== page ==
Iran’s electricity management company, TAVANIR, says consumers in the country set a new record for electricity consumption in the past few days.
According to TAVANIR, the "historical record" was set at 12:47, Wednesday, July 8, with 57,571 MW of instant electricity consumption.
Meanwhile, the overnight electric power consumption in from Tuesday to Wednesday also registered an instant electricity usage of 56,909 MW, which is quite high for the night time. Therefore, the figures set July 8 are the highest-ever electricity consumption in Iran.
At the same time, the Islamic Revolution Guards Corps (IRGC)-linked Tasnim News Agency notes that the Ministry of Energy’s warning to save electricity consumption to prevent blackouts are still valid.
To prevent power outages, Iran needs to increase its electricity production by about five percent annually, but over the past few years, the growth has been much less than planned.
The latest statistics from the Ministry of Energy show that in the second quarter of this year, the practical power of the national electricity network during peak hours was about 65,000 MW. Since about ten percent of the produced electricity is wasted in Iran's power distribution and transfer network, and domestic electricity consumption is on the rise, the government will be left with no option other than implementing blackouts.
The Islamic Republic has planned to add 4,800 megawatts to Iran's electricity generation capacity in 2020, but it managed to add only 547 megawatts in the second quarter of the year.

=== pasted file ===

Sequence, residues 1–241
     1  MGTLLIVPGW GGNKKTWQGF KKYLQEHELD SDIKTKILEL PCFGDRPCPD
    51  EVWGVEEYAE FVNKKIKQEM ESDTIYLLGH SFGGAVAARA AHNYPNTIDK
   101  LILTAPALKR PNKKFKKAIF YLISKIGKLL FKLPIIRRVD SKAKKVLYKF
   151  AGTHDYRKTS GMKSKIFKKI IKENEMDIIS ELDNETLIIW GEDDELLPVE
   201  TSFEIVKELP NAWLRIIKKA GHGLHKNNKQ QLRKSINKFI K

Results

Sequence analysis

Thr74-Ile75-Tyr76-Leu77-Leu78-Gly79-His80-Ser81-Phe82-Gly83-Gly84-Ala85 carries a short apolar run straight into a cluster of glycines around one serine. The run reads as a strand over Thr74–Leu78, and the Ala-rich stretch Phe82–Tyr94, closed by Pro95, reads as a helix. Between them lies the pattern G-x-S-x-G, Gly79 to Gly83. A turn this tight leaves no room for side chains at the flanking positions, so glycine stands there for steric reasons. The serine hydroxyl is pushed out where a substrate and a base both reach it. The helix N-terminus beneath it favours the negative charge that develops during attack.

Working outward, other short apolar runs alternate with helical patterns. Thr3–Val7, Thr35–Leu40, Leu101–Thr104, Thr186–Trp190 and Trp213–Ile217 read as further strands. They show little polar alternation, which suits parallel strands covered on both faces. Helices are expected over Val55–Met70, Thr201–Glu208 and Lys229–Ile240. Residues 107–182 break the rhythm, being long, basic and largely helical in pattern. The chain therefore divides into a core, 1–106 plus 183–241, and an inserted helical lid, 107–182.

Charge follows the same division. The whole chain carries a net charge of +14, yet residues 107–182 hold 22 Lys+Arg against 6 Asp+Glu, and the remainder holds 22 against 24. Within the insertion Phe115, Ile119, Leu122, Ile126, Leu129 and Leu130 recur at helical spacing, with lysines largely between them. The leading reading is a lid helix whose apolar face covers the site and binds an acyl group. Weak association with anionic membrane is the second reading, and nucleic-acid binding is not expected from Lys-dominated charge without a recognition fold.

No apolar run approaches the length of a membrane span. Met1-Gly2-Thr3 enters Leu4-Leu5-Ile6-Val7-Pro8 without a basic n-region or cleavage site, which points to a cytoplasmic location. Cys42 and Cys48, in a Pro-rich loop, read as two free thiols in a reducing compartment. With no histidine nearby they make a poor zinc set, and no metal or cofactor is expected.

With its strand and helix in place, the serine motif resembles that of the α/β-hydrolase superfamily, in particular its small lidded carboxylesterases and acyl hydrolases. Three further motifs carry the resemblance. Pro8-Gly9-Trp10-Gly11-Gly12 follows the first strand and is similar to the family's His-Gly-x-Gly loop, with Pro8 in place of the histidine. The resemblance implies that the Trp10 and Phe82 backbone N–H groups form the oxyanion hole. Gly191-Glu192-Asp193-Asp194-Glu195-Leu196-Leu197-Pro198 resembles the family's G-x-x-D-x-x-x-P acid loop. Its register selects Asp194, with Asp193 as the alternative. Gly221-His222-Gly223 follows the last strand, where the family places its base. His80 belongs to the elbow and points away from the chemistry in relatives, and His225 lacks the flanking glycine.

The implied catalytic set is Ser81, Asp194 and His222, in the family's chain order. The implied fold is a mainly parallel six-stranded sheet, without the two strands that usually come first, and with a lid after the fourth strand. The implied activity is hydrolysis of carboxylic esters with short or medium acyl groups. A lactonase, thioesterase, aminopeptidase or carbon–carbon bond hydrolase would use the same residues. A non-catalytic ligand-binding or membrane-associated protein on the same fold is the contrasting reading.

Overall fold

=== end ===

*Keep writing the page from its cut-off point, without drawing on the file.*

Last year, just over 2,200 megawatts were added to the country's electricity generation capacity, which was less than half the target for 2019.
Electricity consumption in Iran has been following an unprecedented upward trend in recent weeks as a new heatwave has blanketed the country.
Iran’s Deputy Energy Minister Homayoun Haeri said last June the country’s electricity consumption was expected to reach 60,000 megawatts (60 gigawatts) during the summer peak consumption period, Mehr News Agency reported.
Haeri said June 21 the country’s peak electricity consumption has already reached 56.44 GW in the current Iranian calendar year (started on March 20), while the peak consumption level barely reached 54.14 GW in the previous year.
Almost 62,000 megawatts, or eighty percent of Iran’s 75,000-megawatt output, is generated from thermal plants that burn fossil fuels. Moreover, 12,000 megawatts come from hydroelectric plants and 1,000 megawatts from the country’s nuclear power plant in Bushehr, south of Iran.